When Arthur learns that Merlin is going to work with the white dragon to save Gaius, he opposes the idea, first with words, and then with force. Like, he’s not gonna stab Merlin or anything, but he will punch him and tie him up so he can’t cast spells. Merlin clevers his way out of that conundrum and ends up completing his task for the white dragon, which brings doom on all of Camelot, killing King Uther, Sir Ector, and Gaius.

In the aftermath of season one’s ending, the armies of the winter fey are regrouping and will soon be on the march. The nobles of Camelot are bickering over who is going to be the next king, and by the midpoint of episode one, Merlin’s got the sword in the stone working and, with the support of Sir Bedivere, King Uther’s most trusted knight and the only veteran survivor of the dragons’ escape, they have the social capital they need to convince everyone to give it a tug. Eventually, for whatever reason, Arthur gives it a pull, and of course it comes free. Basically everyone immediately agrees that this is a magical trick by Merlin to install one of his friends on the throne. Sir Kay supports them, but they get driven from Camelot by angry knights who think they’re trying to stage a coup. For the rest of the season, Merlin and company wander around to various locations, trying to find out what the white dragon is up to and find some way of thwarting it, and making friends and allies along the way as Arthur builds up his knights of the round table: Sir Tristan, Sir Lancelot, Sir Palamedes, and so on. At the season midpoint, Arthur and his knights try to go all Seven Samurai on a village in the warpath of the approaching ice viking army, but are defeated.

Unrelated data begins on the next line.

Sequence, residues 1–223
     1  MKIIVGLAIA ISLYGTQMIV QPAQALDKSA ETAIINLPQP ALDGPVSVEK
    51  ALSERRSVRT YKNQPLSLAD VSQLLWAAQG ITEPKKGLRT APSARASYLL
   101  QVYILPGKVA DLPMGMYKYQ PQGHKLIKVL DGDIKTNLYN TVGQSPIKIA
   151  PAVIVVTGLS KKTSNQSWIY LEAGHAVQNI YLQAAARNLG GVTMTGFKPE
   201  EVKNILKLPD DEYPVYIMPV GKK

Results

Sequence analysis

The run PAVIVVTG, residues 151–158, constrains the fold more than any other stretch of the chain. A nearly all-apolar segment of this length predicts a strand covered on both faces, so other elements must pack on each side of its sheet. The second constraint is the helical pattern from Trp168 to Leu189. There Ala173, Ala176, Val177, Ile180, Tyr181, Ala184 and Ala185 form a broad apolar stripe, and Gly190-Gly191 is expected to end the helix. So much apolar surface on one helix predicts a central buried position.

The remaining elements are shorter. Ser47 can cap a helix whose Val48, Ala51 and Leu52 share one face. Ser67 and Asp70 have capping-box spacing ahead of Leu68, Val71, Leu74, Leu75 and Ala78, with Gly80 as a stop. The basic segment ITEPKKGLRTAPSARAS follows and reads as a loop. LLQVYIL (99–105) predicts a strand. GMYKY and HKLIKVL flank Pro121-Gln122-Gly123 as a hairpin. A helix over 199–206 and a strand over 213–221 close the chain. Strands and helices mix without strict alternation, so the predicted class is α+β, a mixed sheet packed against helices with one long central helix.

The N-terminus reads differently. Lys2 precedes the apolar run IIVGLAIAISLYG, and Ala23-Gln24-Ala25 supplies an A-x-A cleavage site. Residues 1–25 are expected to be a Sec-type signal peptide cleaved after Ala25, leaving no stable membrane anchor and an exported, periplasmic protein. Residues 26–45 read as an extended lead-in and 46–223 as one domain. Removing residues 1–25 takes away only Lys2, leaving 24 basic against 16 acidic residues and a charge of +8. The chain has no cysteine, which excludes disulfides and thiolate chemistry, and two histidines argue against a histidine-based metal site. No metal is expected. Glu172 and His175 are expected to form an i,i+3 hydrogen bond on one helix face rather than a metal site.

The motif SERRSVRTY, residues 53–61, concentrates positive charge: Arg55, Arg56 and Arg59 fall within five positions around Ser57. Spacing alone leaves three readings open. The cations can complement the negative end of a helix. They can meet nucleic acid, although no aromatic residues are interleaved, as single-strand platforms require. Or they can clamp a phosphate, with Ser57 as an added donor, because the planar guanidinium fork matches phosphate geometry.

Arthur, who up ’till now has been wary of any magic not directly originating from Merlin, is forced to head to the forest magic wilderness and make alliance with Vivienne. While the front half of the season revolved around knights, the back half revolves around fairies and druids. This is also where we meet Morgan le Fey, Arthur’s half-sister whom Vivienne successfully smuggled to the wilderness along with Arthur and raised as a sorceress. Morgan le Fey is Arthur’s first and strongest ally in this strange and magical land, and with her support, Arthur is able to rally the fey folk of the woods to help him confront the approaching ice army. The bickering nobles of Camelot were totally unprepared for the army and themselves overrun, and with word of Arthur and his knights’ deeds having spread across the land, many of the knights who fled Camelot flock to Arthur’s banner as he rallies at Badon Hill. There, he meets the forces of the white dragon in a titanic battle. Both dragons are killed during this rematch, but ultimately the forces of goodness win the day, the forces of the ice vikings are driven back, and peace is restored.